A tour of Soskin’s home might include a whiff of the fungus collection she has assembled in a British colonial cabinet or a hilarious account of how she drove her contractors crazy with the 11-foot-wide Chinese cabinet in her dining room (it took seven people to move it in-prior to construction, because she wanted to see how it would feel in the space). “They had to work around it and move it from place to place because there was no way I could move it in and out again,” she recalls. “I kept asking them to try not to get dust on it. They hated me.”
In Soskin’s hands, physical objects are more than mere filler-they’re personal, nuanced, almost like living things. She used to host weekend antiques sales in her home, but it pained her to see merchandise go out the door. “I would put my heart and soul into choosing the stuff, and I would anguish over it when it was gone,” she says. “Now I get to know the people I work with, I find the right things for their space, and I can visit.
“People who don’t mind giving stuff away will say to me, ‘There is always more,’” she observes later, while animatedly describing yet another one of her treasures. “But there isn’t always more! It gets sucked up-by dealers, by other people. You have to buy the good stuff when you see it.”
For information on resources, see Buyer’s Guide.
The inveterate shopper takes us on a tour of some of her favorite local haunts. . . .
An intimate kitchen with a stainless steel island is a hub of activity in the home.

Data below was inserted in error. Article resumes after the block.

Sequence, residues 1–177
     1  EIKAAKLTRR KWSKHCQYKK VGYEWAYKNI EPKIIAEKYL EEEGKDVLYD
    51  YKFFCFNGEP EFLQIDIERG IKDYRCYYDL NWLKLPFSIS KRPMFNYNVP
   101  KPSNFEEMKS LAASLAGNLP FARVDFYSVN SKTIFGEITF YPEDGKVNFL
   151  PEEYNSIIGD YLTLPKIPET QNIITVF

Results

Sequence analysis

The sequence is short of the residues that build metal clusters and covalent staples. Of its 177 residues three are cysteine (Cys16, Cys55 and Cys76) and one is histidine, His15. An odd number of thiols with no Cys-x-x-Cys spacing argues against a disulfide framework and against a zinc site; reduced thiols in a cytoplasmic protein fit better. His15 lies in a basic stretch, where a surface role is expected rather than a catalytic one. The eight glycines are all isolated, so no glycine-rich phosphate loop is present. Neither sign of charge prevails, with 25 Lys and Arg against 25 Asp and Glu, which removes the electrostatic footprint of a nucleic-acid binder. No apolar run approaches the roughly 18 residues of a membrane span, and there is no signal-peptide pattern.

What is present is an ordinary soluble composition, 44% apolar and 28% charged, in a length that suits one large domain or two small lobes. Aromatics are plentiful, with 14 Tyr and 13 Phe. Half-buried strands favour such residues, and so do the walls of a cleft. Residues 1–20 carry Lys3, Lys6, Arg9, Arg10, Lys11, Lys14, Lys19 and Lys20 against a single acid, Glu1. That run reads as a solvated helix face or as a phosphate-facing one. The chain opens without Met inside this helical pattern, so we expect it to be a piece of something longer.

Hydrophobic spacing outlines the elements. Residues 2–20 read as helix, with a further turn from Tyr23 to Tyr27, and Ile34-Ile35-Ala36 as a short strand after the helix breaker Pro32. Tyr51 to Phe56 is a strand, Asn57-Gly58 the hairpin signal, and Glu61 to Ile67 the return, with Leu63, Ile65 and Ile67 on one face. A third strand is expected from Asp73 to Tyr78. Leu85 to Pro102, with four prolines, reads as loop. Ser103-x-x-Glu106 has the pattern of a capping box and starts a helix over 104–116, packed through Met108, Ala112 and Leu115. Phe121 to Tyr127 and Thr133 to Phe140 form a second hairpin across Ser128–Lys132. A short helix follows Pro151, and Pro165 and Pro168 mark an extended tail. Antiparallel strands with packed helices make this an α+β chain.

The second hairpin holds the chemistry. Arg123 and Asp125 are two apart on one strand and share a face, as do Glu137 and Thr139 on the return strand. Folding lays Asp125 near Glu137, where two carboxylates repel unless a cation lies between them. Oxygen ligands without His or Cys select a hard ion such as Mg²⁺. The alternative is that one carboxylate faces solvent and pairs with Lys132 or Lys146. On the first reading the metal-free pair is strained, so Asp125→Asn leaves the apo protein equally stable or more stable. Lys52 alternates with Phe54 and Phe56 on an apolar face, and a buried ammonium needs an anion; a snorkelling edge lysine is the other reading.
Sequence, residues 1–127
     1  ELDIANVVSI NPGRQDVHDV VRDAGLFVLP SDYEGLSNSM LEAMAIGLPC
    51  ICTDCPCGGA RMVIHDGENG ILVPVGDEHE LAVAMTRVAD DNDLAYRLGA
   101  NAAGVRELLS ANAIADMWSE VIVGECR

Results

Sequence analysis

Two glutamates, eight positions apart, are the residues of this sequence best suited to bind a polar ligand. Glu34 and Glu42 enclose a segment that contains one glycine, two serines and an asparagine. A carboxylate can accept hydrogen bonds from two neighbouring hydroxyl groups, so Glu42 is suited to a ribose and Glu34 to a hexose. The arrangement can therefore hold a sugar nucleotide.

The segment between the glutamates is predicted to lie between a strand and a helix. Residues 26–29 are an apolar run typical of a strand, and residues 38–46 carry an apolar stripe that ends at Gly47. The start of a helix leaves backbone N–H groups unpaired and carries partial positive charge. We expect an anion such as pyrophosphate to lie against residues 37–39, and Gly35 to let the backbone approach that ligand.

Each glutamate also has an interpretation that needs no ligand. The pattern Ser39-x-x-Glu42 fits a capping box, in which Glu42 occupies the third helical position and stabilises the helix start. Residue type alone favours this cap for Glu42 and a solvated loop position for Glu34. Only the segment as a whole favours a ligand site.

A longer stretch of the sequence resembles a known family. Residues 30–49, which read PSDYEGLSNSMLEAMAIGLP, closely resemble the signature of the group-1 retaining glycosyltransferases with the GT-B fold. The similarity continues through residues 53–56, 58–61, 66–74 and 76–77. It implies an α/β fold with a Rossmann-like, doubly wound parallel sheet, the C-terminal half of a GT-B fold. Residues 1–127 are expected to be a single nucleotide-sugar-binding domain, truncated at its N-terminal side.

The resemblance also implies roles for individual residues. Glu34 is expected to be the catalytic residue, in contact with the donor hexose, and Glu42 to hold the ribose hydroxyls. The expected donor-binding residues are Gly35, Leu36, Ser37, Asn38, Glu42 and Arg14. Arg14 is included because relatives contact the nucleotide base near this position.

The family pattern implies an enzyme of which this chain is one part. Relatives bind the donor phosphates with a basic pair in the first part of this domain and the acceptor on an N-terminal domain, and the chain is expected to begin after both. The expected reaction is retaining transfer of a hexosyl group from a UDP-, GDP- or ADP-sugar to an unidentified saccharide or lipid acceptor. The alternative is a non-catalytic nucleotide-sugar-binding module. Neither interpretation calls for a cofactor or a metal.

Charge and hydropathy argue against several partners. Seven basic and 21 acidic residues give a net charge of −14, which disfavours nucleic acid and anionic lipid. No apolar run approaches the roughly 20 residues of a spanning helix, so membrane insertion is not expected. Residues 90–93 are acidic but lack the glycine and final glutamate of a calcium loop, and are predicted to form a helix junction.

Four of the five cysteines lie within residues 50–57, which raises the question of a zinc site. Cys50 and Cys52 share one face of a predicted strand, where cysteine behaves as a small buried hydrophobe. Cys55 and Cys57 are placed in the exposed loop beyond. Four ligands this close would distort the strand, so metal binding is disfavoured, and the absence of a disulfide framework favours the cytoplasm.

Scout (5221 N. Clark St., 773-275-5700) is my first stop for unique, clean-lined pieces, from large-scale farm tables and one-of-a-kind lamps to fabulous framed art and the kind of massive old 56-drawer cabinet that can make a room.
The Golden Triangle (72 W. Hubbard St., 312-755-1266) is great for British colonial bookcases and cabinets, amazing ethnographic objects, unusual coffee tables, and giant vessels.
Heritage Trail Mall (410 Ridge Ave., Wilmette, 847-256-6208) is where I shop for “smalls.” They have an unusual assortment of well-priced books, baskets, pottery, and objets d’art.
Jayson Home & Garden (1885 N. Clybourn Ave., 773-248-8180) is great for basics like sofas and modern-style wing chairs, Tulu rugs, ottomans, and everything from pillows to plants.
Bleeker Street Antiques (1946 N. Leavitt St., 773-862-3185) has a fantastic array of European furniture, mirrors, lighting, art, and interesting collections, such as beautiful old crystal bottles in all different shapes and sizes.
Edgewater Antique Mall (6314 N. Broadway, 773-262-2525) is my favorite place for modern dressers, chairs, paintings, lamps, and books.
Three Friends Studio (5743 W. Howard St., Niles, 847-588-2409) is my Asian furniture and accessories choice in the suburbs; they offer wonderful cabinets, latticework, sculpture, and pottery.
Photography: Nathan KirkmanEdit Module